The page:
Monday, August 30, 2010

Peach Accompli

So for my first two peach consumption recipes I made my favorite rhubarb crunch recipe and a peach gelato with no egg yolks.

It never ceases to amaze me how effective it is to peel peaches by blanching them in boiling water then shocking them in ice water. I tried to do this once with green tomatoes for a pie I was making, but that wasn't nearly as effective (probably not enough pectin to loosen through the process).

<<< These peaches were pureéd for the gelato.

I got the crunch recipe from a family cookbook of my former cafeteria boss in academy. I like it because there's crunch on the top and bottom and the cinnamon (for this recipe I split the spice with ginger, though I should have used more) is so very aromatic. It's also a simple recipe to execute and adaptable to any seasonal fruits. Another mistake I made (can you use a word like "another" when referring to a comment made in parenthesis?) was not cutting the peaches uniformly and small enough to get a good dense layer of fruit. Some might call this rustic, I call it inefficient and lazy. I must confess, though, that I do enjoy the big burst of peach flavor in every other bite.

I have this preconception about gelato that one of the things that separates it from ice cream or frozen custard is that it doesn't contain egg yolks, only milk to provide the fat, and maybe some milk powder for smoothness/richness. Though some brief research while trying to pick a gelato recipe from my rss recipe cache revealed from a trusted source that gelato just means frozen in Italian, and the ingredients vary from the intensely regional cuisines from North to South, with the North having richer gelato with eggs and chocolate and local nuts, like hazelnut, to the South and their granita.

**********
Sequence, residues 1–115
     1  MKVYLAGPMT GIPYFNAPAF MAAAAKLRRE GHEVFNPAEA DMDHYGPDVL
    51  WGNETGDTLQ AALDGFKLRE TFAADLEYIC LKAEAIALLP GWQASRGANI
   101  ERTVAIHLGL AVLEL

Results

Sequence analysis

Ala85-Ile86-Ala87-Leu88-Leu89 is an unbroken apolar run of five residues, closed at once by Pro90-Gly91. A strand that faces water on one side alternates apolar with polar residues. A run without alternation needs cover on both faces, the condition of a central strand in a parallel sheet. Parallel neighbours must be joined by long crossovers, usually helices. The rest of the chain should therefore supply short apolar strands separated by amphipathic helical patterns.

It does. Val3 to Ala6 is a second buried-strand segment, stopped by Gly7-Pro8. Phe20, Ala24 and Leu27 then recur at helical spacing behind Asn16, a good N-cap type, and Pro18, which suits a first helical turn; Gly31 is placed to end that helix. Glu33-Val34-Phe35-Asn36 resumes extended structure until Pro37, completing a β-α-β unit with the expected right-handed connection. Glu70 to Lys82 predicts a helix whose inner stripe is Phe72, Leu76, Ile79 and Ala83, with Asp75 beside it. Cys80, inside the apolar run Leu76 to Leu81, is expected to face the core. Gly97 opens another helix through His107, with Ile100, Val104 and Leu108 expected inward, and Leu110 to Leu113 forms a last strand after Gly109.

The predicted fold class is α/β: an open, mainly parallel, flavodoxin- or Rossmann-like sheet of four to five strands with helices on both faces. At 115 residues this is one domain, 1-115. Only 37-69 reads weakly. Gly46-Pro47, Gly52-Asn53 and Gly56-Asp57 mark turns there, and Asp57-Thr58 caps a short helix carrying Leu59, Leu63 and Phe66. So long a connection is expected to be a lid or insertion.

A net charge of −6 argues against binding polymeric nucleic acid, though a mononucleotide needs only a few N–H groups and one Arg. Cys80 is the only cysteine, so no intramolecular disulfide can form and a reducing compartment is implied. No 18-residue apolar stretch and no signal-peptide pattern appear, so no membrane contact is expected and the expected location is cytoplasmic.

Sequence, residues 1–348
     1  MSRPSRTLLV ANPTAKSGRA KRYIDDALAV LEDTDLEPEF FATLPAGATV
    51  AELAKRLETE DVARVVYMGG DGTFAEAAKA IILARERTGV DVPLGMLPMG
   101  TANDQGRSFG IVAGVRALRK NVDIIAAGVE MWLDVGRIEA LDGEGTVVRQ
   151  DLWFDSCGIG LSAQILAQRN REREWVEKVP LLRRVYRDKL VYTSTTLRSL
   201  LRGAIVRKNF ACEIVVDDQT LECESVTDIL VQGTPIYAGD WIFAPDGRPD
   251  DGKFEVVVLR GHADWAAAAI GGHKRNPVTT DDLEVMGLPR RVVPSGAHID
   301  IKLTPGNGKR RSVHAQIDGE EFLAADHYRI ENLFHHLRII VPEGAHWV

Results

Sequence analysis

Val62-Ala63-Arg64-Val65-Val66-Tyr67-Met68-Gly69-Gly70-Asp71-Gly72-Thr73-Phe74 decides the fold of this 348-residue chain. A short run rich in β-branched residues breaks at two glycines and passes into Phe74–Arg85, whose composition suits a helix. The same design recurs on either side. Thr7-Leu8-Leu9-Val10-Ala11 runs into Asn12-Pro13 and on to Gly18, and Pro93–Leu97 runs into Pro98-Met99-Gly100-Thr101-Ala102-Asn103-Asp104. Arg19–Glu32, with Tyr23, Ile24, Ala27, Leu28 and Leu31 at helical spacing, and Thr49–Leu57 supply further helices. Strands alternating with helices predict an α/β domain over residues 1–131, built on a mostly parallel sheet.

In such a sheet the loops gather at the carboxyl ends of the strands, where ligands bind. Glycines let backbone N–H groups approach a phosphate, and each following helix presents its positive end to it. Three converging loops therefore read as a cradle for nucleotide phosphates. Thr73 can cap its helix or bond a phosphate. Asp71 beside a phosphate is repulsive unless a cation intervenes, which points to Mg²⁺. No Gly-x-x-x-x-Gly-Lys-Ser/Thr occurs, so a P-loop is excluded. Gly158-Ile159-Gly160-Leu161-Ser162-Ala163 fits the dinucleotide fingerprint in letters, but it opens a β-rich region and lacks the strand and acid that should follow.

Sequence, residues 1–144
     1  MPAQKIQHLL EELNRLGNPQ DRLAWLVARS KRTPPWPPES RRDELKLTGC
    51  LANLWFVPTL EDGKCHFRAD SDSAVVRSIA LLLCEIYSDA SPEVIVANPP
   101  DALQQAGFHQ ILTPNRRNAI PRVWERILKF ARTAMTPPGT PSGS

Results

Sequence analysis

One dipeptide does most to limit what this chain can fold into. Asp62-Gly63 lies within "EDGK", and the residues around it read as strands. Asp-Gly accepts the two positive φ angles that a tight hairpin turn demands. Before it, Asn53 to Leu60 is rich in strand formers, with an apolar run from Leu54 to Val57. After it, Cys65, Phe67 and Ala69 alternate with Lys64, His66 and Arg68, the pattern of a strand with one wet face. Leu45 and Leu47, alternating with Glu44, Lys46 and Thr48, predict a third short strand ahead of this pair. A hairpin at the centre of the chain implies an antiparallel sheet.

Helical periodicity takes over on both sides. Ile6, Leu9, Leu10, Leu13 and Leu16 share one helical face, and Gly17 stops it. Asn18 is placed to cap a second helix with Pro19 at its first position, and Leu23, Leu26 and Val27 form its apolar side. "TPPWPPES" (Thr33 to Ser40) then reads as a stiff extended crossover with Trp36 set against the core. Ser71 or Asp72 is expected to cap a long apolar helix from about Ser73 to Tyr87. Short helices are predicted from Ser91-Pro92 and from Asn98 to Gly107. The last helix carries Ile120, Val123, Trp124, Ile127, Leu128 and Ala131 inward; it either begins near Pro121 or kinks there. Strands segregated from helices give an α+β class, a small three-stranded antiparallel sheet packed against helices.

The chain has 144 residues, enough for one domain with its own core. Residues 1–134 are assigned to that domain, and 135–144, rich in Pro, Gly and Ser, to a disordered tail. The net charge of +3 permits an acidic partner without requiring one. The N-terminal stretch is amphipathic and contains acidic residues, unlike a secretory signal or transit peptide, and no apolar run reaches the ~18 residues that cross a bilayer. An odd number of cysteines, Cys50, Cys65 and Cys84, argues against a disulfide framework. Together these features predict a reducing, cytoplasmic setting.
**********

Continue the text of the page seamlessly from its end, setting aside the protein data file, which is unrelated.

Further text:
Despite being armed with this info, I was hesitant to use 8 yolks in a recipe I hadn't made before, and while enjoying homemade ice cream with numerous yolks before, I wanted to make gelato (dammit) and my mind still hadn't expanded to include eggs in it.

So I went with a simple recipe, which may or may not have been a good idea. The recipe, if you don't care to click through, is two tablespoons of cornstarch, a cup each of whole milk and heavy cream, three quarters cup sugar, three cups of fruit and a tablespoon of vodka. Very simple.

The trick with simple recipes is excellent technique and execution. There's three things I didn't do that I feel contributed to the finished product being less than I hoped. I didn't attend to the dairy and slurry mixture enough, and it scalded on the bottom removing valuable thickening starches. I didn't return it to the heat after adding the peach pureé to reduce the water content, leaving too much fodder for ice crystals. And the third denial of culinary principles before the cock crowed was not adding enough Galliano to shine through after churning. I thought its vanilla would pair nicely. I could taste it in the mix before, but it's nonexistent now. [EDITOR'S NOTE: Salt you moron!] Alcohol's function is to lower the freezing temperature of the gelato to keep it melty so you can taste the intense flavors without numbing your tastebuds. I thought I could add some flavor to the functionality, alas.

My sister really enjoys the gelato, and it is a nice expression of peach, just not what I think it could be.

On a metablogging note, do you compose your post in reverse so that the pictures end up at the bottom, or do you have to do what I do and cut the code and paste it where you want?

Daily Drop Cap by Jessica Hische.



At August 31, 2010 9:22 PM, Blogger Ellen said...

That looks great, but I must warn you, the link on your last post was walware.

At September 01, 2010 2:31 PM, Blogger Daniel said...

How do I fix that?

At September 01, 2010 9:24 PM, Blogger Ellen said...

All I know is that I haven't been able to use my work computer for a week while it's been scanned for viruses.


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